Behold it, the centerpiece, the display for all eyes to marvel. It’s what attracts the eye gazers and the “ooos!” and the “ahhhs!” It’s the fish on display at the fountain, standing more magnificent than the jets of water around it, firing rapidly and eloquently of late, can compare. But you must wait to see if the exhibition becomes a foundation stone.
This past year Mike Trout had what may have been the best rookie season ever. In an age of sabermetric measurement, jealous protection of stars, and flopping prospect tryouts, Trout was everything he panned out to be. In 139 games this past season, Trout was just a few hits shy from winning the batting title, hitting .326. A .963 OPS, 315 total bases, league-leading 129 runs scored, and an insane 10.7 Wins Above Replacement. And oh yeah, he was a stolen base away from having a 30-50 season.
Make no mistake: Mike Trout is the best player in baseball. His numbers and value to a team outreach any other player on any grassy diamond – even Miguel Cabrera. Runs scored, which is the biggest contribution an offensive player can give a team, was Trout’s bottom-line. He averaged a run scored in all but 10 games in 2012. What’s even more fascinating, though, is that he isn’t a one-dimension player. Trout has everything: bat, arm, speed, defense, power. He is the definition of a five tool player, the gem of baseball scouts’ eye candies. At the tender age of 21, Trout put a spark in Major League Baseball after it received a six-month EMT treatment. And that’s why he’s the centerpiece. No other player is more valuable to a franchise right now than Mike Trout. One of the youngest players in Major League Baseball and he’s better than anyone else; that’s the recipe for many angry veterans.
But what really makes Trout more of a focal point to a franchise is that often brilliant and ugly number: 21.At such a juvenile age, he conceivably has at least another 10 years of good play for the Angels. Yes, the magic number of 10, the numeral of contract dreams, this is at least how much more prime baseball Trout will show us. Barring the unfortunate, we will get to see at least another decade of wall leaping, stolen base machine running, and smooth bat contact. It’s the perfect, rare chance. We had Albert Pujols, Miguel Cabrera, Ichiro, and more in recent years, but for how many of those guys did we get to see a decade of Mickey Mantle-like play?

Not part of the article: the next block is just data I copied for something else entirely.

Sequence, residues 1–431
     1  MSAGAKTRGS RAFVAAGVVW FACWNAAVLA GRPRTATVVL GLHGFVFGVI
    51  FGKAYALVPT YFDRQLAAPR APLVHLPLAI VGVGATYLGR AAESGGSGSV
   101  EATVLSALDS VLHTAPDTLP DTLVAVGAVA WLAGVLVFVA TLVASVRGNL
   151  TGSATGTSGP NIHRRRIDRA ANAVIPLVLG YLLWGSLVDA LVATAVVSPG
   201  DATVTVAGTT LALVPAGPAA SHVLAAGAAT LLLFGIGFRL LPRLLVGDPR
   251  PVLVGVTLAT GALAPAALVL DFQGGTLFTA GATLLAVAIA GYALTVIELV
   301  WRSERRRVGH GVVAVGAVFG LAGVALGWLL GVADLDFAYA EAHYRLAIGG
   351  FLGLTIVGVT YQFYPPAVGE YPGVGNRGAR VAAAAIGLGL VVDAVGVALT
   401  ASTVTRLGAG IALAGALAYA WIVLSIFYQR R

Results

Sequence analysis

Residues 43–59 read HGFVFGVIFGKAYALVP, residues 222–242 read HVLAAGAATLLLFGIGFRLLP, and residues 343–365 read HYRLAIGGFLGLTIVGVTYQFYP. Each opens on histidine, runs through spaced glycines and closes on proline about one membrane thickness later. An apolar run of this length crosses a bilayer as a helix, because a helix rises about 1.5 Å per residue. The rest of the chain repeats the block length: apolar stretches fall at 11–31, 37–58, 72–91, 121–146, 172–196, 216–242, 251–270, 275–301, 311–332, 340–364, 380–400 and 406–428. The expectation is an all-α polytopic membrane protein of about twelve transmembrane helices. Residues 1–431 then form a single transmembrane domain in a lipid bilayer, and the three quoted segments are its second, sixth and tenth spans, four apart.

Trout is the most valuable player to a baseball team if he continues to play like, well, Trout. His numbers are more conductive and energizing to an offense than any other player in baseball. He drives his offense at the leadoff spot by getting on base nearly four times out of 10, and then coming around to score most of the time. He sets up the bats in his lineup, Pujols, Trumbo, and more. He doesn’t have the protection in his lineup that Detroit Triple Crown monster has. No, Trout instead flounders around and inspires his team into motion like a true leadoff hitter – except he can hit the ball out of the ballpark as often as a number three hitter in a lineup can. If Trout keeps this up, then he’s even more valuable than Andrew McCutchen. McCutchen himself is a five tool player as well and as important to the Pittsburgh Pirates as the second slice of bread is to the first, but many of his numbers pale in comparison to Mike Trout’s this season. While they posted similar on-base percentages this year (.400 for McCutchen and .399 for Trout) and McCutchen just barely won in home runs, hits, and walks (31, 194, and 70 versus 30, 182, 67 respectively) Trout blew McCutchen out of the water in stolen bases and runs, stealing 49 bags in 54 attempts compared to McCutchen’s 20 steals, and scoring 22 more runs than McCutchen. Oh, and Trout had a higher slugging percentage than the Pirates’ star despite hitting leadoff. McCutchen was the explosive to his team’s offense this season, while Trout was the oil, setting up his entire team to succeed – while also posting power numbers comparable or better than McCutchen.
Trout needs time to prove that his brilliant play isn’t just a fluke, however. He’s done well straying clear from serious injuries or major lulls in production. But we all know the consequences of putting too much faith in players to be the next this guy and that guy. Numerous high draft picks have failed to perform deep into their careers once they reached the Bigs. And Mike Trout is the most exciting player in the entire game, so we wouldn’t want to see him fall after putting extreme faith in him and already deeming him to be the most valuable baseball player in the world. Let’s wait to see another two or three seasons. Let’s wait to see how consistent Trout is over more than 135 games in a season. Let’s wait to see how many more stolen bases, runs, and home runs Trout will add to box scores. If he can continue on this path, however, this Mickey Mantle-like path of radiance, then there’s no doubt what Mike Trout will be.
Keep the fish fountain safe and pretty for now; we’re waiting to see if it sets in.